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“E Pluribus Unum” at Hopkins and Beyond

Our founding fathers offered future American citizens an interesting piece of advice in the Latin phrase on the Seal of the United States of America: “E Pluribus Unum,” meaning, “one from many.” 
The motto was originally intended to indicate that the fifty states were united to form one nation. It has since then adapted to reflect the “melting pot” attitude of America; that is, one nation built upon a multitude of races, ethnicities, languages, and peoples.
 
The sentiments of unity and cohesion impressed upon us in this motto are important themes. Especially in the wake of the recent Olympics and in anticipation of the upcoming national election, the message of unity and cohesion has been particularly highlighted. This message extends from ignoring distinct labels in choosing to help other people, to international affairs such as refugee crises,and, finally, to the community at Hopkins.

As the Olympic hype begins to fade, the world will not forget the lessons taught by particular athletes who represent this lesson of unity. The Olympics, while promoting national and territorial pride also are an important celebration of cohesion across the world. Take distance runners Nikki Hamblin and Abbey D’Agostino from New Zealand and the United States of America respectively. After suffering a shared tumble about halfway through their 5,000 meter competition, each athlete helped and supported the other to cross the finish line, despite potential injuries and added delays to their times. In this instance, the two women were not concerned with their own personal successes or those of their respective countries, but were, instead, adamant to contribute to the common spirit of the event and were subsequently awarded a rare sportsmanship award, the Pierre de Coubertin Medal. Hence, while the two did not receive any titles or prizes for their athletic ability, the rewards they got for their choices to support the spirit of unity were far greater and the positive effect their actions had on both the Olympics and the world far outweigh any medals.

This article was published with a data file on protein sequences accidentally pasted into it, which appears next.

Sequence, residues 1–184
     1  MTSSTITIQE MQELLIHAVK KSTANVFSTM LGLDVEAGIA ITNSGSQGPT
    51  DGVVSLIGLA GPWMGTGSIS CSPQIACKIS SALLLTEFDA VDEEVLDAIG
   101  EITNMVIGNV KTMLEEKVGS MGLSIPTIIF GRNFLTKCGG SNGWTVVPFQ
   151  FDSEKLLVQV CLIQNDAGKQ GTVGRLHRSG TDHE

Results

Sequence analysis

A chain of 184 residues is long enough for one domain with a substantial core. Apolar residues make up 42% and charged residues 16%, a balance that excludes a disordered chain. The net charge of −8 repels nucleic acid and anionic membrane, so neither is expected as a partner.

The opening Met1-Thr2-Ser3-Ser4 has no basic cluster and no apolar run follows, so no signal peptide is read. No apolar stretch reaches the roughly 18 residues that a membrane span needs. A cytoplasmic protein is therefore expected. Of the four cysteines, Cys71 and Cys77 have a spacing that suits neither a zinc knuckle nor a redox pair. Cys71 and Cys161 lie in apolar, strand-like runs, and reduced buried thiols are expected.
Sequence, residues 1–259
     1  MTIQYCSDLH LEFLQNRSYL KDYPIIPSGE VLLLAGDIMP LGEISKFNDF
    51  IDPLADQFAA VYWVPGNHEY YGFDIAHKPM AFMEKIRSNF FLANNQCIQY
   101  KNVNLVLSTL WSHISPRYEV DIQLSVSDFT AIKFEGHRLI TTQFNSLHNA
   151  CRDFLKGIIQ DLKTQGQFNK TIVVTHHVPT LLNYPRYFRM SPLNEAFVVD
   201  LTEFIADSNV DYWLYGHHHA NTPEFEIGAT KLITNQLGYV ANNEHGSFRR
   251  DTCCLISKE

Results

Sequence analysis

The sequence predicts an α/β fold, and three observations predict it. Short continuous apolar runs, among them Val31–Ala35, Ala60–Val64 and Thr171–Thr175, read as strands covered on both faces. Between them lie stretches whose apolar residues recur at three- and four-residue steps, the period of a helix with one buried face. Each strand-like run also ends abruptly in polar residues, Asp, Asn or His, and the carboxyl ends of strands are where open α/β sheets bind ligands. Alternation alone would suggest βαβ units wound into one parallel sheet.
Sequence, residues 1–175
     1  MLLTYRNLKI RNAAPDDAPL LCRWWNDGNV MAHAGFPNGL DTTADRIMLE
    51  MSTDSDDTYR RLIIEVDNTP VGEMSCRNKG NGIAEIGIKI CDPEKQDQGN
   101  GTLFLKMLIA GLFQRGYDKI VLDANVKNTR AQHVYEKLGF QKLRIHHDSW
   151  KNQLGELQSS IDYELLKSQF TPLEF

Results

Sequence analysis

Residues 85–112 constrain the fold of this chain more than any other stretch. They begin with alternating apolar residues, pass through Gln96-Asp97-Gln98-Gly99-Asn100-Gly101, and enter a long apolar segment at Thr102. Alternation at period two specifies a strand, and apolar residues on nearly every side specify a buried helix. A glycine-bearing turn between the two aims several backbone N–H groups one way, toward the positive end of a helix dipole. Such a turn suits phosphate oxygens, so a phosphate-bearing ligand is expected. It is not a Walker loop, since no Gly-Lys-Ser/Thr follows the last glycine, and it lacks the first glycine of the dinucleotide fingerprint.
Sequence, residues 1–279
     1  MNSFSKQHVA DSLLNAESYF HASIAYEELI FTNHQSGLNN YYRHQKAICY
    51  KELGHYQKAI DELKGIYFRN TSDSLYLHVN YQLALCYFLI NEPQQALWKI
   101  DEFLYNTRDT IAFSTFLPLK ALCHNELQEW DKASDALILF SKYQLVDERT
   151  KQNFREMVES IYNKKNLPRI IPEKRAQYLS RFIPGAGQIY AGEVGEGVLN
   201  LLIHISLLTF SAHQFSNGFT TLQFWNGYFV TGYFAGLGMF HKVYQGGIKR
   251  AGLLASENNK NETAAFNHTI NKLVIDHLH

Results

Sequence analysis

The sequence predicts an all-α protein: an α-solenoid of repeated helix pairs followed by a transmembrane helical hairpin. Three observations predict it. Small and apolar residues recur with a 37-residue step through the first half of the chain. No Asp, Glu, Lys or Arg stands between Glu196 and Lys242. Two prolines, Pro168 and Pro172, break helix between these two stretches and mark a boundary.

On a different note, it is particularly important to be united in the light of tragedy and discord. Despite what political belief one may have or what course of action should be taken, it is crucial to remember that each person on Earth holds a global citizenship. For example, with the current refugee crisis occurring in Syria, America is at risk of repeating its mistake in the Holocaust: its inability to recognize its role as a member of the world, not just a nation amongst many. In a recent editorial in The New York Times, Nicholas Kristof drew parallels between America’s current fear of accepting so-called “outsiders” and America’s fear seventy years ago. Kristof indicated that the current attitude of many Americans is that we must protect our citizens first. Regardless, the citizens of Syria are also our peers and our siblings. It is true that they do not reside in the same country or hold the same labels, yet, they are all members of this world, and in that regard, we must do everything in our power to help them. In World War II, Senator Robert Reynolds from North Carolina said, “Let Europe take care of its own.” There is no such thing as “their own” in a situation of mass suffering and pain. There is only an “all,” and a “together.”

This lesson of unity can also be applied to situations of less gravity, such as those at Hopkins. In group projects, in extracurricular activities, or even just in thinking about the year ahead, working together and considering others’ opinions are crucial skills. Mankind cannot prosper alone - mankind prospers together. A collaborative, supportive atmosphere is crucial in the pursuit of learning. It is true that Hopkins is divided into three schools: the Junior School, the Middle School, and the Senior School. And it is true that each subset of students may have different teachers, different classes, and different lunch periods. But the truth is that all these students are from Hopkins School. Relationships are sewn across the grades and mentorship and learning result from unity and cohesion in amongst all separate communities. A student cannot win a sports game alone. A student works together with his or her peers to learn from each other and rely on each other until victory is achieved.

While unity and sportsmanship may not always guarantee material, direct success, they will certainly reward its benefactors. Cohesiveness and unification is crucial. For example, despite being the most powerful creatures on Earth, lions do not roam alone. Lions stick together in a pride of lions. Perhaps lions could teach the citizens of this world a lesson about connections and solidarity.
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The Razor's Edge reflects the opinion of 4/5 of the editorial board and will not be signed. The Razor welcomes letters to the editor but reserves the right to decide which letters to publish, and to edit letters for space reasons. Unsigned letters will not be published, but names may be withheld on request. Letters are subject to the same libel laws as articles. The views expressed in letters are not necessarily those of the editorial board.
     
The Razor,
 an open forum publication, is published monthly during the school year by students of: 
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